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Advancing the State of Home Networking

colored cables

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Before building the network or its components, first understand the home and the behavior of its human inhabitants.

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CACM Administrator

The following letter was published in the Letters to the Editor in the December 2011 CACM (
--CACM Administrator

To address the user-experience concerns raised in "Advancing the State of Home Networking" by W. Keith Edwards et al. (June 2011), we must first understand why home networks have been so successful despite the very real difficulties cited in the article. In attempting to do better for users, we might, in fact, do just the opposite. The authors recognized that developers treat networks as opaque infrastructure, which is the fundamental architectural principle that has made the Internet so generative.

Classic telecommunications is the business of providing services like the public switched telephone network, or PSTN. The Internet is a different concept, providing a common infrastructure for all services. Yet the very power of the Internet, which allows us to tunnel through legacy telecom, has also led us to accept the idea that it is just another service, like PSTN.

In the 1990s this was the plan for home computers, too. Working at Microsoft (Jan. 1995), I realized that home networking could be do-it-yourself rather than a service with a monthly bill and restrictions on what we do. I took the approach of removing complexity rather than adding solutions. Windows 98se supported the necessary protocols to "just work." This involved the requirement that the user would not have to buy any service beyond a single IP but share a single IP address. I wanted to use IPv6 so each device would have a first-class presence. But because IPv6 was not available at the time, I used Network Address Translation to share a single IPv4 address.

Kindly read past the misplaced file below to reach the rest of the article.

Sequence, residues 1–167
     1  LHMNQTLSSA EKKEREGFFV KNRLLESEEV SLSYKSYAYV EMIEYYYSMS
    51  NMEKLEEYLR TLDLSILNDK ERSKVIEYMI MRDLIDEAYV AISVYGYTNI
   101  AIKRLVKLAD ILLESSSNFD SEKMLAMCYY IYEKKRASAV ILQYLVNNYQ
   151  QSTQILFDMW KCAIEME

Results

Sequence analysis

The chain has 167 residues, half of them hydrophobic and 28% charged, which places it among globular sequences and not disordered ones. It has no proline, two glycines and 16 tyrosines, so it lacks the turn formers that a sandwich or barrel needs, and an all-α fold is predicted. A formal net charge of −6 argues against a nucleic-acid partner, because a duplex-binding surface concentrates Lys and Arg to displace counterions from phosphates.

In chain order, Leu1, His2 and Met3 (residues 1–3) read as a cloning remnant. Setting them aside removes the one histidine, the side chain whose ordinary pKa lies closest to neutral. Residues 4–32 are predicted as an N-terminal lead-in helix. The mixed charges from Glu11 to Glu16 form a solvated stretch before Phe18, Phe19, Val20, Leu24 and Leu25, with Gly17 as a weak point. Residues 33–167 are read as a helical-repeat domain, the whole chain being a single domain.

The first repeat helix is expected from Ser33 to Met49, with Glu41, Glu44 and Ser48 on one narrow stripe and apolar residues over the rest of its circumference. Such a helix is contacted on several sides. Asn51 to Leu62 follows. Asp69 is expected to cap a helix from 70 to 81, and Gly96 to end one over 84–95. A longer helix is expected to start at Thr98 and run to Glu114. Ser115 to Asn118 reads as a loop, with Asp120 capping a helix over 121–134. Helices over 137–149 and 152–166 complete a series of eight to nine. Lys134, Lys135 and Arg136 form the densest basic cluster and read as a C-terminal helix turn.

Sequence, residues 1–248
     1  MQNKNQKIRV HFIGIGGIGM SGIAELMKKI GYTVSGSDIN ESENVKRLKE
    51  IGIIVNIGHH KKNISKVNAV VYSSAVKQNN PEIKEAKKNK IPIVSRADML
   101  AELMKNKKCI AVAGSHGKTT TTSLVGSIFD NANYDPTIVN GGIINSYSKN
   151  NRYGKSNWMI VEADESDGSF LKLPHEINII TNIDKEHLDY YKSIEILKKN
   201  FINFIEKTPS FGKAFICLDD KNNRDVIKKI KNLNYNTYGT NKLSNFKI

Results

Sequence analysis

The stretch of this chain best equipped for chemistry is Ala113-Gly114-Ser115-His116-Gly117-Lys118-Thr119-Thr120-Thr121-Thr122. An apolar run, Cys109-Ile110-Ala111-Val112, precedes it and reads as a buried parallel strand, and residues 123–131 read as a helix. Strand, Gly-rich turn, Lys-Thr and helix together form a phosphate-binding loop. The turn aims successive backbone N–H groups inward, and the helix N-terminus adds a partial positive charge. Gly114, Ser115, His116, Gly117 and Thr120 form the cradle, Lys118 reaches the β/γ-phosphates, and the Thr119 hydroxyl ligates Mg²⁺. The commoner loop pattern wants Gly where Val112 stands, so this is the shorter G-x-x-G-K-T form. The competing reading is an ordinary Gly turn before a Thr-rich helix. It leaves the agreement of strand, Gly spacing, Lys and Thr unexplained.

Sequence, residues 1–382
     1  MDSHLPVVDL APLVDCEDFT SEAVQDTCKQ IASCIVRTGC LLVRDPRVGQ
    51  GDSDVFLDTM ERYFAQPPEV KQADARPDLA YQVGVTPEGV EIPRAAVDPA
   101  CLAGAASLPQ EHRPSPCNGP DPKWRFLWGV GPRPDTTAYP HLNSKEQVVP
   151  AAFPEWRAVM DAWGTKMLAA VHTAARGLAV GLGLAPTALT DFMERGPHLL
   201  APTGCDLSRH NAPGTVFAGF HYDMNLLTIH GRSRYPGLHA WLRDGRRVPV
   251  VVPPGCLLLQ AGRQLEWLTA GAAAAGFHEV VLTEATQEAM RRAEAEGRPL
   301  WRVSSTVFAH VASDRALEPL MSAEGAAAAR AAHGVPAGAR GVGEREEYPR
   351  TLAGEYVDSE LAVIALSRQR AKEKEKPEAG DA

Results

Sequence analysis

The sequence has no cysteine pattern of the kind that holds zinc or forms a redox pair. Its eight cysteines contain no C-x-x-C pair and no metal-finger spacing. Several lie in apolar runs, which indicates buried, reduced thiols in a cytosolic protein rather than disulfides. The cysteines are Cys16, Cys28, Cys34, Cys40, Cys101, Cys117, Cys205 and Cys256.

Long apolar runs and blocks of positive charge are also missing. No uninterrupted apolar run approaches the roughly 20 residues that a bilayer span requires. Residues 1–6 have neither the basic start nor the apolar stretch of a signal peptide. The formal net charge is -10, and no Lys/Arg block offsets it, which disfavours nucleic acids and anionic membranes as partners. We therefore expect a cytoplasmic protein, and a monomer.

Rather than make the home network smarter and more cognizant of the particulars of the home, we must honor the end-to-end principle and treat the Internet as infrastructure. Developers would thus be relieved of the impossible burden of having to understand the home environment and its inhabitants. Any number of approaches could coexist.

Today's Internet protocols date from when big computers were immobile and relationships could be defined through fixed IP addresses. To preserve this simplicity, we need stable relationships for our untethered devices. This way, we could address sources of complexity rather than their symptoms.

Bob Frankston
Newton, MA

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